Drug Addiction

Drug Addiction

Postby Jesse » Tue Nov 19, 2013 6:33 pm

So I have been struggling with a drug addiction for many years now. Mainly I use it as a means to cope, to self medicate. The problem seems to be no matter how much I want to quit, ( I really dont want to ). I use opiates, and it really feels as if without them I can never have a semblance of happiness or contentedness in my life.

Obviously drugs cause many other problems, and I really need to quit, but Im at a loss how. I have many mental health issues and without opiates I can not maintain any sort of emotional equilibrium. In my experience doctors don't recognize or respect the fact that they do work for me (emotionally), and thus are unwilling to treat me while im still using.

So I guess im looking for support/advice from previous addicts, how did you quit? How long did it take before your emotions balanced out? Did you use any other drugs/herbs to help with the process?

I realize that drugs cause many problems, they aren't a solution, but an escape etc. But I cant shake the idea/reality that without them my life contains no happiness what so ever, it's been a very hard time for me. Though recently I've begun trying to finds other means of happiness (Volunteering, getting out and around people etc.) I'm just not sure I have the willpower to stop using still!

Thanks for reading.
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Re: Drug Addiction

Postby KonchokZoepa » Tue Nov 19, 2013 7:07 pm

i had a serious drug problem with amphetamine.

so i cant say about opiates. but disassociating with like minded ( drug ) people for me was the first step. its better to change the city to get out of your habits. for me that was the only way. then i went and did many weeks of ayahuasca retreats. that helped a lot. completely changed me.
i know opiates can be really hard also, but its the same with all drugs. i still did ecstacy last summer twice. but then got over it and now i dont feel like ever doing drugs again. if you can develop really acute and immediate fear of death that you might die right now this moment, it will motivate you to clean your life. so one of the four ordinary thoughts, death and impermanence was a big help after the ayahuasca retreats.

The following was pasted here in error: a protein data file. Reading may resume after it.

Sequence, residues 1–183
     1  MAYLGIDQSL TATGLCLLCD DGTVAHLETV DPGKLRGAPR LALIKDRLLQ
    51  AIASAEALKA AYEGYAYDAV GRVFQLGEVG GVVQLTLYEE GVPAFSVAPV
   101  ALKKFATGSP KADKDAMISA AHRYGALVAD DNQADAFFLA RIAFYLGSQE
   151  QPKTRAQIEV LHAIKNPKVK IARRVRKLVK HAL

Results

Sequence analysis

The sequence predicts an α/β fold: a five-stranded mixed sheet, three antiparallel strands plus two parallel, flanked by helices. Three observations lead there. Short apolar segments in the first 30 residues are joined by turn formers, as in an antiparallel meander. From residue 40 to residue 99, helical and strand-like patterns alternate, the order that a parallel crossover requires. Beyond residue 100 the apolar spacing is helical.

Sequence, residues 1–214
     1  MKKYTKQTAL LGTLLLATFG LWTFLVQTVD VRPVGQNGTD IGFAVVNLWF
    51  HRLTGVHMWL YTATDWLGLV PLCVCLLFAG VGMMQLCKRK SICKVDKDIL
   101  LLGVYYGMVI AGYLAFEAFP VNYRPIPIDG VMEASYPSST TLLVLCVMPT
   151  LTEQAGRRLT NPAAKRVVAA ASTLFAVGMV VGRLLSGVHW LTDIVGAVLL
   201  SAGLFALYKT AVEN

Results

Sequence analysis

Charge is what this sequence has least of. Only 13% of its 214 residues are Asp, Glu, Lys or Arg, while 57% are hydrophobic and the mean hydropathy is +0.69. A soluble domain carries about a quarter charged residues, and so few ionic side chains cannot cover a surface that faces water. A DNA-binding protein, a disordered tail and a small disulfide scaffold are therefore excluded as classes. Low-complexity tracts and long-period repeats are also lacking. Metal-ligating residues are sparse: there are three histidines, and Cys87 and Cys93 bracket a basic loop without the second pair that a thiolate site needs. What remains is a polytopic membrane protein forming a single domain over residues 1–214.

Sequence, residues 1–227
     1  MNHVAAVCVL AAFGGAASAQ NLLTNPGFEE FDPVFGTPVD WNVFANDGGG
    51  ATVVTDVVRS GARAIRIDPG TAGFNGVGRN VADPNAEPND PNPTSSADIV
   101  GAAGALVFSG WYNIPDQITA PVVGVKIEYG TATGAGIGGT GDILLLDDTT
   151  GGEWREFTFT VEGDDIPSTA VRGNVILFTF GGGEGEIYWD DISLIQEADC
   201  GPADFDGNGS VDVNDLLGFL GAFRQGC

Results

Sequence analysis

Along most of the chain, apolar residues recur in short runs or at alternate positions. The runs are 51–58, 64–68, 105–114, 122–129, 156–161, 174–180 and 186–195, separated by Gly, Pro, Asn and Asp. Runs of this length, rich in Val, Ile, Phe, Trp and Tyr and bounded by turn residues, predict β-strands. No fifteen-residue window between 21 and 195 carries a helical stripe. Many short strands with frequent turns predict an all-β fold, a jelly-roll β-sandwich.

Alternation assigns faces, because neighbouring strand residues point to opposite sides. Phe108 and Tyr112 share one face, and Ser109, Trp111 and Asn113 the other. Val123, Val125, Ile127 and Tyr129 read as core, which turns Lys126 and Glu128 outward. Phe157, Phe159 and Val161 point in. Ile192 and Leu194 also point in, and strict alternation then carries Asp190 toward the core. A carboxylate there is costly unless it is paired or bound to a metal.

i can understand the doctors that they dont want to medicate you since you have other drugs in the system so theyre medication might not work or be dangerous or harmful in other ways when combined with opiates.

i would go to re hab if you really think that it wuold be helpful. the most helpful thing for me was to change the city, phone number and everything that connects you with the people from whom you get your drugs. that seriously is the first step. the rest will unfold naturally and painfully. its a process.

i remember writing in my diary, that the journey of a thousand miles begins with the first step. there is no easy way out.

i wish you all the best in your recovery and healing. i really wish and hope you find a way to a life free of drugs :anjali:

if you wanna talk more pm me or talk here.
If the thought of demons
Never rises in your mind,
You need not fear the demon hosts around you.
It is most important to tame your mind within....

In so far as the Ultimate, or the true nature of being is concerned,
there are neither buddhas or demons.
He who frees himself from fear and hope, evil and virtue,
will realize the insubstantial and groundless nature of confusion.
Samsara will then appear as the mahamudra itself….

-Milarepa

OMMANIPADMEHUNG

http://www.youtube.com/watch?v=ls6P9tOYmdo
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Re: Drug Addiction

Postby Johnny Dangerous » Tue Nov 19, 2013 7:18 pm

Jesse wrote:So I have been struggling with a drug addiction for many years now. Mainly I use it as a means to cope, to self medicate. The problem seems to be no matter how much I want to quit, ( I really dont want to ). I use opiates, and it really feels as if without them I can never have a semblance of happiness or contentedness in my life.

Obviously drugs cause many other problems, and I really need to quit, but Im at a loss how. I have many mental health issues and without opiates I can not maintain any sort of emotional equilibrium. In my experience doctors don't recognize or respect the fact that they do work for me (emotionally), and thus are unwilling to treat me while im still using.

So I guess im looking for support/advice from previous addicts, how did you quit? How long did it take before your emotions balanced out? Did you use any other drugs/herbs to help with the process?

I realize that drugs cause many problems, they aren't a solution, but an escape etc. But I cant shake the idea/reality that without them my life contains no happiness what so ever, it's been a very hard time for me. Though recently I've begun trying to finds other means of happiness (Volunteering, getting out and around people etc.) I'm just not sure I have the willpower to stop using still!

Thanks for reading.